HSBC and CMS have demonstrated that businesses want to be in the centre of the city by relocating from fringe locations, placing them at the centre of the Heart of the City district with restaurants, cafés, bars, shops, and cultural attractions on their doorstep.

With a current undersupply of prime grade A space in the market. Heart of the City is perfectly positioned to respond.

Workplaces are being transformed by the demands of a younger workforce and dynamic businesses. Heart of the City will provide modern and flexible working environments that offer co-working opportunities, innovative design and an occupier-centric approach.

This new business district will be a meeting place and a forum for debate and collaboration. It will be where Sheffield meets to be inspired and spark creativity.

Why is the Cambridge Street Collective such an important part of the project?

Cambridge Street Collective, along with the neighbouring Leah’s Yard and Bethel Chapel developments, is Heart of the City’s cultural and social focal point. It was designed to have multiple occupancies with the agility to move with food and beverage trends. Together the two sites provide both day and night entertainment and a venue capacity of 2,000 people.

Sitting so close to Pound’s Park, which has been a hugely popular addition, Cambridge Street Collective will bring something fresh and exciting to Sheffield’s food and drink scene and provide a new hub of activity, bringing a critical mass of footfall back to the area.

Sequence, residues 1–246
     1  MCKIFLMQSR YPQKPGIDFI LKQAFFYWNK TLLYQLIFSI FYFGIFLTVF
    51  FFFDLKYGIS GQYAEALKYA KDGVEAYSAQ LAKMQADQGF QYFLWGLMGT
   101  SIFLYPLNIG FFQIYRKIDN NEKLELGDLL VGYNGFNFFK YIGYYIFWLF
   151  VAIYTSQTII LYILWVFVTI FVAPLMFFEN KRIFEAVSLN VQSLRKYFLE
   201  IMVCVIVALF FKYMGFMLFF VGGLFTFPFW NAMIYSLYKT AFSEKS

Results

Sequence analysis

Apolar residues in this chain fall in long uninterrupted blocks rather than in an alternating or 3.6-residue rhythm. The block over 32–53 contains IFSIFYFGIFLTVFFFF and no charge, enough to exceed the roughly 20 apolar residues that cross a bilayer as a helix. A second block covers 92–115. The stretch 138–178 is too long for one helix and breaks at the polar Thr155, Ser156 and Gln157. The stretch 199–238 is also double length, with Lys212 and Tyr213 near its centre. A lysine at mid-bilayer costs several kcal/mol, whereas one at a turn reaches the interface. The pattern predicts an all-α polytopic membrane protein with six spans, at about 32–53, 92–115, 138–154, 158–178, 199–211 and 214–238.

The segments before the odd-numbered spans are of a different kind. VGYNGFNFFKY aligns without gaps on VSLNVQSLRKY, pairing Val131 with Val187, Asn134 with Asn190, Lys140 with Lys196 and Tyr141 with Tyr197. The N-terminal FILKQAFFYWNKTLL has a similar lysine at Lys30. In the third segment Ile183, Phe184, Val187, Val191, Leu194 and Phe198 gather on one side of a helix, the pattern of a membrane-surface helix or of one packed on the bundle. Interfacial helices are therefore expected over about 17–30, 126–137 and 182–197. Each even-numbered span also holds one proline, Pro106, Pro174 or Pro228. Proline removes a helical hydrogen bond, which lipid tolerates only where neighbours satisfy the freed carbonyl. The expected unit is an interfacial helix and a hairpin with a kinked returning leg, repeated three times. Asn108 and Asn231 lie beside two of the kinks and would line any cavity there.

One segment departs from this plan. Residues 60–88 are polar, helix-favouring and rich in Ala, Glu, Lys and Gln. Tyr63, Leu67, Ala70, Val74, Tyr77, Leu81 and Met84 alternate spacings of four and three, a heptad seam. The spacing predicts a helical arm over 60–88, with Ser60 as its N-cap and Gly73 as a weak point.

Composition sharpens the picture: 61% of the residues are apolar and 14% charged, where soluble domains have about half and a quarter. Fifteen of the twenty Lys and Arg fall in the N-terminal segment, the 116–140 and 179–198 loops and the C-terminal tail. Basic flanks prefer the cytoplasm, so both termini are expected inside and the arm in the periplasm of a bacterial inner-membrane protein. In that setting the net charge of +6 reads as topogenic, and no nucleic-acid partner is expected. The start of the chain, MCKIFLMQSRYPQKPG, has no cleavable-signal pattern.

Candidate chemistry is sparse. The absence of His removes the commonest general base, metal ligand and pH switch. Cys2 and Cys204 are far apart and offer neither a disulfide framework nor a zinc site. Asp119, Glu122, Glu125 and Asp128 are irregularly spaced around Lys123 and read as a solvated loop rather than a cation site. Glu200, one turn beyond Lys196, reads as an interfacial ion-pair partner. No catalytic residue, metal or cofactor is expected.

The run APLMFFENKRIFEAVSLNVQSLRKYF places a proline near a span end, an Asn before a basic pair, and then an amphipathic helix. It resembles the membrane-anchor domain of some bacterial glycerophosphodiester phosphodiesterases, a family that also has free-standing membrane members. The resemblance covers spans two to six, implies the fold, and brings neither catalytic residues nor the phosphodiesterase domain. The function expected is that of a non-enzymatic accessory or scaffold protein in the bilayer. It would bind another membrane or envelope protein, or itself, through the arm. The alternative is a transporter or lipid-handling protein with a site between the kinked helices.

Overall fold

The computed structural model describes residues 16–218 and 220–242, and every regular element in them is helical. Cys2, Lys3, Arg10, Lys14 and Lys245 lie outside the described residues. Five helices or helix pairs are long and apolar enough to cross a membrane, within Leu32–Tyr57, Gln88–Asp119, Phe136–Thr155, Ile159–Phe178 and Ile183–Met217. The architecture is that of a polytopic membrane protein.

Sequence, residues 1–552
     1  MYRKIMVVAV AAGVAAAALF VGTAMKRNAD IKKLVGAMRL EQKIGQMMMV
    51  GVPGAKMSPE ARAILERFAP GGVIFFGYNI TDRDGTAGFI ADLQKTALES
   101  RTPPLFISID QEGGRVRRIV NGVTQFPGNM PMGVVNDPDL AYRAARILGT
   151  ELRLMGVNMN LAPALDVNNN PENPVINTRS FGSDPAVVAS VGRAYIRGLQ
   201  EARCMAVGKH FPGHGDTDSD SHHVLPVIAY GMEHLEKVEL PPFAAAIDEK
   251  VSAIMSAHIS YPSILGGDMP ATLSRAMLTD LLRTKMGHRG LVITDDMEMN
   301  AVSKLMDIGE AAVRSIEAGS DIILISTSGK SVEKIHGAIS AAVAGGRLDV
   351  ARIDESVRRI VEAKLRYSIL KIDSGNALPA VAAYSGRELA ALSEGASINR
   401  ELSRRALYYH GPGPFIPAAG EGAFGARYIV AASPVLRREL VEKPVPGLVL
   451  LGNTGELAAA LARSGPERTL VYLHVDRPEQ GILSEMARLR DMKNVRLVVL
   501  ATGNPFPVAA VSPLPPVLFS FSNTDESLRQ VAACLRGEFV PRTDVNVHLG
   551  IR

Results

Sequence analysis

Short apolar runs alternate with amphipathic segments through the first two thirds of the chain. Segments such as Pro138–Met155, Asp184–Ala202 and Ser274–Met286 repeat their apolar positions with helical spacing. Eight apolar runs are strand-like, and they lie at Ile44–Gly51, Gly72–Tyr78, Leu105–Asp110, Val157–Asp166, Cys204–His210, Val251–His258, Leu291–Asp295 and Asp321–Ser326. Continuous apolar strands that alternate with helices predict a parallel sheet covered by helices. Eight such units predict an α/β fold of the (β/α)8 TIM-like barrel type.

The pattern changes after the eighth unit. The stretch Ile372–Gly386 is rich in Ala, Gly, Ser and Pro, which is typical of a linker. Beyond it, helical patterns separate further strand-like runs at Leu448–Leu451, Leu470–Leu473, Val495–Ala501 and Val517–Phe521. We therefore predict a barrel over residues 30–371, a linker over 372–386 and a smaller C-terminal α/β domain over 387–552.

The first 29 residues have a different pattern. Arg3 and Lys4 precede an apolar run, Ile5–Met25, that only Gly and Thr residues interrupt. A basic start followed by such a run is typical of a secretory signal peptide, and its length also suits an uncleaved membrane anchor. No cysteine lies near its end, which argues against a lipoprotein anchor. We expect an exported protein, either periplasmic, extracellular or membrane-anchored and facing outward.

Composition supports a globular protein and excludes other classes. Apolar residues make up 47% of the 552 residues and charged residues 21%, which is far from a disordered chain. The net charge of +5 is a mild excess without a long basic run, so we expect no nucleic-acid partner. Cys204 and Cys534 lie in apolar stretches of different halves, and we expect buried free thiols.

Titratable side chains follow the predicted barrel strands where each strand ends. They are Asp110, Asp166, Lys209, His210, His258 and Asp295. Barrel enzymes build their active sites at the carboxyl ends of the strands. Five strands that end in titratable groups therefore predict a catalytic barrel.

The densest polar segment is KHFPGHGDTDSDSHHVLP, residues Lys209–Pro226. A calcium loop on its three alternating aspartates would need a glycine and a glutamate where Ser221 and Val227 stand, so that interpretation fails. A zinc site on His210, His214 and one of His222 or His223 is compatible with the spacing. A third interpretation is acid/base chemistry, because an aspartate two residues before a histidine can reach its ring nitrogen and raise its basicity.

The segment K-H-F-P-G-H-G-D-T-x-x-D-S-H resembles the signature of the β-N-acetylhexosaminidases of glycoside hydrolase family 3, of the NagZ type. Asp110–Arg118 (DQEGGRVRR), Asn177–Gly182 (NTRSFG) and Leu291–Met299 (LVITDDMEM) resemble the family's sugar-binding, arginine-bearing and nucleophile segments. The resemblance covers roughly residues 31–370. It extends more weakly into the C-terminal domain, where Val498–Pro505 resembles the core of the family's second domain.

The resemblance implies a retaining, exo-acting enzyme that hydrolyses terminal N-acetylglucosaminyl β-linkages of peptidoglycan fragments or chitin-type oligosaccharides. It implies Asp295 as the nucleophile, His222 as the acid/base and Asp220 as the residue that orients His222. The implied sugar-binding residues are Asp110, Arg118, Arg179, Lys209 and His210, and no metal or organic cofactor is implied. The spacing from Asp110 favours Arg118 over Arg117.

Cambridge Street Collective will be a focal point. Credit: Place North

With the expertise of the operator Blend Family and a truly stunning venue built on Sheffield’s heritage, it will become a diverse and inspiring destination, featuring some of the best independent food and drink companies the city has to offer.

It will be a 27,000 sq ft food hall set over three floors, encompassing over 24 kitchens, a cookery school, a bakery, and a mix of traditional, Asian and rooftop bars.

Matt Bigland and his team believe the time has come for Sheffield to be braver with its food offer and wants Cambridge Street Collective to truly embrace the diversity the city has to offer.

COMMENT: Matt Bigland of Blend Family

“This venture will reinvigorate the city centre. It will allow traders to test products and lean on bigger footfalls without taking a traditional 15-year lease and having to put their life savings on the line.

“It will take a bit of time to curate the perfect selection of kitchens. We needed to build trust with different communities and explain that we want their traditional, authentic cooking. We’ve never wanted bland or deep-fried food, we always wanted granny’s best recipes.